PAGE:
Fig. 7. Semi-log plot of the record of tritium in precipitation in the study region. The two dashed lines show the paths of decay of tritium in groundwater if recharged from precipitation in the early 1950s (lower line) and 1960s (upper line). The grey rectangle represents the tritium decay pattern of most groundwaters recharged since the early 1970s. For tritium ranges a, b, c and d see text. (referred to Han and Groening, 2006).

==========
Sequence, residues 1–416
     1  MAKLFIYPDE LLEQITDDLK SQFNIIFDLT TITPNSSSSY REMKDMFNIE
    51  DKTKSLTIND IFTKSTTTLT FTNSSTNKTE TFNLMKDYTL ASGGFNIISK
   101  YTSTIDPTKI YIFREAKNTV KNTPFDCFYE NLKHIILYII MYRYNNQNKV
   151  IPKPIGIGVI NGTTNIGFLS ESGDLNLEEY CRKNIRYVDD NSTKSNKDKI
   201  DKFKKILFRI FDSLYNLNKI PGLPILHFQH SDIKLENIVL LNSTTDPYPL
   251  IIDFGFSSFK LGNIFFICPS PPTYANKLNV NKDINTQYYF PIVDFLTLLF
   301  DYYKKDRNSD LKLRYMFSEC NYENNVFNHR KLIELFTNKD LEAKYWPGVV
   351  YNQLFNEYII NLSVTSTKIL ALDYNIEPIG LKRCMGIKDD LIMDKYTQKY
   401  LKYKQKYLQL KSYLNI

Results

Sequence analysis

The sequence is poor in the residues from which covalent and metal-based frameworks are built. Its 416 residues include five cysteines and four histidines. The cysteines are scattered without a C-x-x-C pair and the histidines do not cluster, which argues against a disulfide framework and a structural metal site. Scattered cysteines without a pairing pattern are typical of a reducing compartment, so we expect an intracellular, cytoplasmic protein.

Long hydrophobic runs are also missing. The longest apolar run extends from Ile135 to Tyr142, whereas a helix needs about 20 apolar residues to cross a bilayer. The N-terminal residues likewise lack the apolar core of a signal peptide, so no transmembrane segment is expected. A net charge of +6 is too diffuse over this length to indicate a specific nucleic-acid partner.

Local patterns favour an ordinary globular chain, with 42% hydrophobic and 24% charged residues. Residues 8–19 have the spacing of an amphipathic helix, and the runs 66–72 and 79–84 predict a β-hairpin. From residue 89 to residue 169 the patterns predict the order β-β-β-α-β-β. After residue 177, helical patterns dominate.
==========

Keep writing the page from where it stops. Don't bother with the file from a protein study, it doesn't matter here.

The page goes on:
range d is regarded as 3H-free water. In this study we have not observed ‘‘3H-free water’’; and neither have we observed the ‘‘bomb peak’’ directly. 3 H values of groundwater from Zhangye were in the range of 10–35 TU (Table 1). As can be seen in Fig. 7, the groundwater samples which have 3H concentration lower than 15 TU must contain some pre-1950 recharge. On the other hand, because the measured 3 H data are lower than 45 TU, the fraction of water recharged in the 1960s cannot be identified in the samples by 3H. The river water was sampled at the same time with groundwater, and tritium value of the river water ranged from 25 to 30 TU. The 3H values in the river water were lower than that in the precipitation (see also Fig. 8). This can be explained by mixing between discharge of low tritium groundwater and river water. Fig. 8 shows tracer plots comparing 3H with CFC data. Some of the groundwater sampled can be regarded as binary mixtures of older and younger fractions. The older component is essentially free of CFCs. The younger CFC-containing fraction was recharged in different decades. Some samples (6, 9, 14, 43, and 20) plot close to the piston-flow line. These samples plot in Fig. 6 away from the piston-flow line, on the binary mixing line. An explanation is that these samples are mixtures of younger CFC-113-bearing water with older water which was recharged between 1950 and 1970. Except for sample 6, all these samples were collected from shallow wells with a water depth of less than 13 m. Most probably these samples do not contain pre-1950 (3H-free) recharge. As can be seen in Fig. 8, in some samples the younger fraction was recharged in the 1960s. The identification of the 1960s recharge can also be achieved by comparing the 3H and CFC data in Table 1. For example sample 4, 9, 13 15, 30, 37 and 40 did not contain detectable CFC-113 and their CFC-11 and CFC-12 concentrations were very low. However, these samples contain 3H well above the detection limit (>10 TU). It is likely that these samples were recharged in the 1960s and contain ‘‘3H bomb peak’’. Due to mixing with a fraction of water recharged before 1950s the 3H concentration was so diluted that it cannot be recognized as ‘‘bomb peak’’ by 3H data alone.